Comparing the Effects of Active and Passive Intradialytic Pedaling Exercises on Dialysis Efficacy, Electrolytes, Hemoglobin, Hematocrit, Blood Pressure and Health-Related Quality of Life
This study aimed to compare the effects of the active and passive intradialytic pedaling exercises in hemodialysis patients.
Results showed that intradialytic exercise for half an hour leads to positive changes.
Although changes in serum electrolytes were not statistically significant in both exercises; however, these changes might be clinically important.
In the present study, performing the eight weeks of passive exercise resulted in an increase in URR and dialysis efficacy up to 1.36% and 11%, respectively. Although these changes were not significant, they can be important from clinical viewpoint. According to the Disease Outcomes Quality Initiative (DOQI) clinical guideline recommendations, the minimum acceptable dialysis efficacy should be 1.2 for patients undergoing hemodialysis (2).
The exercise programs in this study increased the dialysis efficacy to 1.43 and this is obviously higher than the minimum acceptable efficacy. Consistent with our results, Parsons et al. have reported that a 5-month intradialytic exercise program could increase the dialysis efficacy up to 11% at the end of the first month, which then increased to 19% at the end of the fifth month (1).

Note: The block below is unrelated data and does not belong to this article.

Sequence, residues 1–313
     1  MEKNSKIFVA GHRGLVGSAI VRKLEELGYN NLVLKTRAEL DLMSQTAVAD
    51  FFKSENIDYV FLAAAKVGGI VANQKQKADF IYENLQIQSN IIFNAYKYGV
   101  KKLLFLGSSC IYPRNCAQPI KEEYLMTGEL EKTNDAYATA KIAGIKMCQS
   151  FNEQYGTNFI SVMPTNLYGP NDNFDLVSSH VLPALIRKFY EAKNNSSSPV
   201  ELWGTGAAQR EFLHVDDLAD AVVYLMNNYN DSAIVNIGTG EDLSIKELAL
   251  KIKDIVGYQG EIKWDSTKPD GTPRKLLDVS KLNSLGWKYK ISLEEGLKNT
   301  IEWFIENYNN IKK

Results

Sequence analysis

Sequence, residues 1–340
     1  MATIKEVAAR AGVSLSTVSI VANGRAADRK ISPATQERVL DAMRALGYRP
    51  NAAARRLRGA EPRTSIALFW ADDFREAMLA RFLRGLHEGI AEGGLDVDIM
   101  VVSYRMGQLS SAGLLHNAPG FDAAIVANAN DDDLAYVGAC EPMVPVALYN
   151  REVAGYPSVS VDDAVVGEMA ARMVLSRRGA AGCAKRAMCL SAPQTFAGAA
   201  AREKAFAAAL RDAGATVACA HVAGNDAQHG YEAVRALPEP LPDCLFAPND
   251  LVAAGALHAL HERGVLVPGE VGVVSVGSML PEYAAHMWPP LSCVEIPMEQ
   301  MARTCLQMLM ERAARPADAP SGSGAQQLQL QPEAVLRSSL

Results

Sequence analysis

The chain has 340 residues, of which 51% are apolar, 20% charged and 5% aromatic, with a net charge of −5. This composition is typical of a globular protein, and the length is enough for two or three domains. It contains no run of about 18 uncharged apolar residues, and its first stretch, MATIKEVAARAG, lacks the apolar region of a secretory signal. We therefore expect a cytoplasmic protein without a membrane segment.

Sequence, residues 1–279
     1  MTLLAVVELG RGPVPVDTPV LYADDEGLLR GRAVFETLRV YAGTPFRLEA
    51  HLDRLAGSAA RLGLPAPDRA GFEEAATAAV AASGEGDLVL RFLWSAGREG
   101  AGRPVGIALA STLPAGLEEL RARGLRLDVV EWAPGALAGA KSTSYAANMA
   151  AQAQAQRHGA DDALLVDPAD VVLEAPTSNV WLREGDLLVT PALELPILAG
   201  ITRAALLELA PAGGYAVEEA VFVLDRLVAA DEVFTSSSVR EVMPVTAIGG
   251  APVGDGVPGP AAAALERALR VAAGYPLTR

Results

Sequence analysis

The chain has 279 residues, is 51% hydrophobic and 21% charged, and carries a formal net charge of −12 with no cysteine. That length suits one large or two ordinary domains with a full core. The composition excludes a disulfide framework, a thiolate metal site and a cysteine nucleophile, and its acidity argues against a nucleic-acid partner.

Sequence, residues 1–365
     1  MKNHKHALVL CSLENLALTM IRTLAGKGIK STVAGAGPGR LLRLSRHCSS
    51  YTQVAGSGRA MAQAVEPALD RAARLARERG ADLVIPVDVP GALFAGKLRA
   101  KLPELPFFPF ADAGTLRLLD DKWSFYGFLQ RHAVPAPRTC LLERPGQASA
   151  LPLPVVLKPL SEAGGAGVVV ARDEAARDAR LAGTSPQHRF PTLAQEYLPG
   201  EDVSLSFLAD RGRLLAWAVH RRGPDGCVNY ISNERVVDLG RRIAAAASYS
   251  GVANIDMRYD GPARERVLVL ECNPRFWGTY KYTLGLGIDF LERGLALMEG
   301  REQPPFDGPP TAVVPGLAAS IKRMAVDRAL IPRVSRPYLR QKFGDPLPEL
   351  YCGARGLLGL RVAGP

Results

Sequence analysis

In another study, Mohseni et al. have reported that an eight-week intradialytic exercise program could increase the URR and dialysis efficacy about 11% and 38%, respectively (7). Fallahi et al. have also conducted an eight-week intradialytic exercise program on 14 patients and reported that although the URR and dialysis efficacy were increased, changes were not statistically significant (2).
It appears that intradialytic exercise increases the muscle-blood flow and opens the capillary surface area that consequently would increase the leak of urea from the tissue to the vascular compartment and finally enhances the serum urea clearance and improves the dialysis efficacy (1).
The present study showed that the passive exercise had better effects on dialysis efficacy than active exercise, especially at the end of the study. This finding may be attributed to the weakness of musculoskeletal system in these patients. Such weakness may resulted in intolerance of active exercise while passive exercise can be tolerated and resulted in better consequences in patients with ESRD undergoing chronic hemodialysis. The current study showed that passive intradialytic exercise had better effects on systolic and diastolic blood pressures than active exercise. This finding is consistent with results reported by Henrique et al. (11). McMurray et al. (9) and Fallahi et al. (2) who studied the effects of intradialytic exercise in patients under chronic hemodialysis. However, several studies could not confirm the positive effects of intradialytic exercise on blood pressure (9, 13).
In the present study, phosphorus levels were significantly lower than the baseline both at the end of the fourth and eighth weeks of active exercise.